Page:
April 1, 2023 | Download Document

A summary of key events and market trends during the month of March


Global Markets Updates

  • Despite high levels of turbulence during the month most equity indices closed higher for the month of March with the Nasdaq 100 Index up around 9 %.


  • In the US, liquidity issues starting with deposit outflows from Silicon Valley Bank escalated quickly to ensnare most regional banks and the various US Federal agencies including the Federal Reserve Bank and the Federal Deposit Insurance Corporation were required to take defensive action.


  • In Switzerland, Credit Suisse faced deposit outflows as investors chose to quickly move assets out as concerns grew. Despite initial assurances from the Swiss National Bank the bank was finally sold to UBS (pending deal finalization).


  • The actions of the Swiss National Bank and its co-regulator, FINMA, towards Additional Tier 1 bondholders, effectively subordinating them to equity owners, then shook confidence across various investor classes.


  • We do not appear to have an all-clear as not all issues have yet been addressed; in the US, how many other regional banks will likely need government deposit guarantees; and in Europe, where do funding levels stabilize for subordinated paper.


  • We likely see tighter regulations for the banking and allied industries going forward and investors need to understand the knock-on implications of the same on the profitability of various financial institutions.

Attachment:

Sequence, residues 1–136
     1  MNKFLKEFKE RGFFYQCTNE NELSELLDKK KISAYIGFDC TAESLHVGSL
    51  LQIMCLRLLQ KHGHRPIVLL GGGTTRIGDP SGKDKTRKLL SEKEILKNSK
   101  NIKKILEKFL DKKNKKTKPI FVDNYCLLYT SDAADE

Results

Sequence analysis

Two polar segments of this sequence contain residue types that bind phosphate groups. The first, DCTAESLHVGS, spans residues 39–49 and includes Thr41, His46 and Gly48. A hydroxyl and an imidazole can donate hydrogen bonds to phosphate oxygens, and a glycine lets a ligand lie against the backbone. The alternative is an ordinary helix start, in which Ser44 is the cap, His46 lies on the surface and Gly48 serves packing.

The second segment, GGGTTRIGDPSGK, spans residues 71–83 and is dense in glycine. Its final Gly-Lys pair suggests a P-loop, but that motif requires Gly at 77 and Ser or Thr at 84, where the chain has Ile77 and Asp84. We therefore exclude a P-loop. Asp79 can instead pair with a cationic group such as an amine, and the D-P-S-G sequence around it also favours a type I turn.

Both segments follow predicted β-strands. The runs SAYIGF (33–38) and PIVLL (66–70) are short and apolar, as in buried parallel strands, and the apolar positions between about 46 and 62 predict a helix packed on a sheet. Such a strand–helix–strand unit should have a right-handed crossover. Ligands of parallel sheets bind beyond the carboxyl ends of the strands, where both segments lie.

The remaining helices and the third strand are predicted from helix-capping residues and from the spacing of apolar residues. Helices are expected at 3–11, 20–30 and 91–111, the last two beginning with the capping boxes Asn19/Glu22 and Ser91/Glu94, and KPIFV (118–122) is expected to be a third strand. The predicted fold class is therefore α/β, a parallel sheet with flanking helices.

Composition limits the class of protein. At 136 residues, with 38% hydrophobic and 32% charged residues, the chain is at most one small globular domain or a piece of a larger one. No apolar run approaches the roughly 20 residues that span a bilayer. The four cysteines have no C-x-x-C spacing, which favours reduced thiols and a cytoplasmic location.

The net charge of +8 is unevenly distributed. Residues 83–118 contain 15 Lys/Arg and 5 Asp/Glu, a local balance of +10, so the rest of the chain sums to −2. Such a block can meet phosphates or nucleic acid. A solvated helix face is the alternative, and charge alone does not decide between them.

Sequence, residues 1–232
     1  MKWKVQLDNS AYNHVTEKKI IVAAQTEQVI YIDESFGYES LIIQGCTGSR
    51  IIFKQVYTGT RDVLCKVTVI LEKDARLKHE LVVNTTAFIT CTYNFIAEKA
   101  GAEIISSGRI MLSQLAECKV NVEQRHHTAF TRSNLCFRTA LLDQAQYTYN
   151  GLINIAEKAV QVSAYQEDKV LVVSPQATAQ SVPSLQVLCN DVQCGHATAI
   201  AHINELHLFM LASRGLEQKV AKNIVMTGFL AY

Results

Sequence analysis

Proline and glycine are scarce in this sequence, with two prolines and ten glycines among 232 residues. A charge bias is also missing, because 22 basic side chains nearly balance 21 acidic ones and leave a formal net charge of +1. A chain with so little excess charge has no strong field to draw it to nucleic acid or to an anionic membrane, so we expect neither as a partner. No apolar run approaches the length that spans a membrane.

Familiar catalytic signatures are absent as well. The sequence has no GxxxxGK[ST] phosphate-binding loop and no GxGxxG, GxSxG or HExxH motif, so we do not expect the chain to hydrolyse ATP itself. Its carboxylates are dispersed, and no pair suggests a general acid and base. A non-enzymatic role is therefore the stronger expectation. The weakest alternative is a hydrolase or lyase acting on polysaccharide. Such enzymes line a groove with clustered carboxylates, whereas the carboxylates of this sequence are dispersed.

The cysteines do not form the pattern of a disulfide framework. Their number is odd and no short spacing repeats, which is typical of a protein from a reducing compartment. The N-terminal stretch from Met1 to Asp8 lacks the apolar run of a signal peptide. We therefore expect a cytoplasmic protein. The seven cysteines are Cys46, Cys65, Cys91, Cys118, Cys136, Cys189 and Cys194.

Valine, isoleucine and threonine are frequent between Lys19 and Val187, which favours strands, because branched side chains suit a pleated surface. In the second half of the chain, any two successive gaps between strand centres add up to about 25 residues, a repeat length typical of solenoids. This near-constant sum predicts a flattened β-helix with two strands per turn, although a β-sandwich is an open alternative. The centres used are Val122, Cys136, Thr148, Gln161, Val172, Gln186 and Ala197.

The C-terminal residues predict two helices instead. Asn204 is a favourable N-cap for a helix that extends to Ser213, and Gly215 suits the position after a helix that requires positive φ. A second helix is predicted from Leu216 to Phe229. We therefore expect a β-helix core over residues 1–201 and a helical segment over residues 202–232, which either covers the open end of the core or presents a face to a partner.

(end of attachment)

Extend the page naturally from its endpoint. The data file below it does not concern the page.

• A further impact will be on lending activity and is likely to shrink compared to prior period. This has knock-on impacts on growth and inflation which central bankers will factor into their rate setting decisions.


  • The 2 year US Treasury bond now trades at just over 4 %; from over 5 % before the banking issues of early March and from around 4.5 % at the start of the year. We see the current levels more as an assessment of risk on / risk off rather than a precise average market assessment of the state of the economy – the recent volatility in the fixed income markets has not been since the Covid crash and before that during the Global Financial Crisis of 2008.


  • Companies gear up to report their next batch of quarterly earnings and we will keep a close eye on the earnings releases.


  • Despite these various events the Volatility Index has closed towards the lows of the last two years and indicates that investors are not currently looking to hedge exposures.


 Banking woes change the calculus?

Bank depositors on both sides of the Atlantic are facing a crisis of confidence – The reaction function of the respective central banks will drive investor outcomes in the immediate term


Key Markets



  • We await the upcoming Non-Farm Payroll data and to see if the recent banking volatility has already taken a toll on economic activity.


  • The technology heavy Nasdaq has attracted renewed investor interest; clean balance sheets, still healthy comparative levels of growth and cash flow generation as well as beaten down valuations provide a safe harbor during the current situation the financial industry finds itself in.


  • China is taking the lead on playing dealmaker in the global arena with a particularly high profile deal struck with Saudi Arabia and Iran where the two countries are re-starting diplomatic engagements. This will potentially have an important bearing on global markets and will be followed closely by most observers.



SGMC Forward Views …


  • We are currently not making any changes to our forward views and asset allocation. Though, this could change as we assess the tone and content that comes through from the monetary policy meetings over the coming weeks.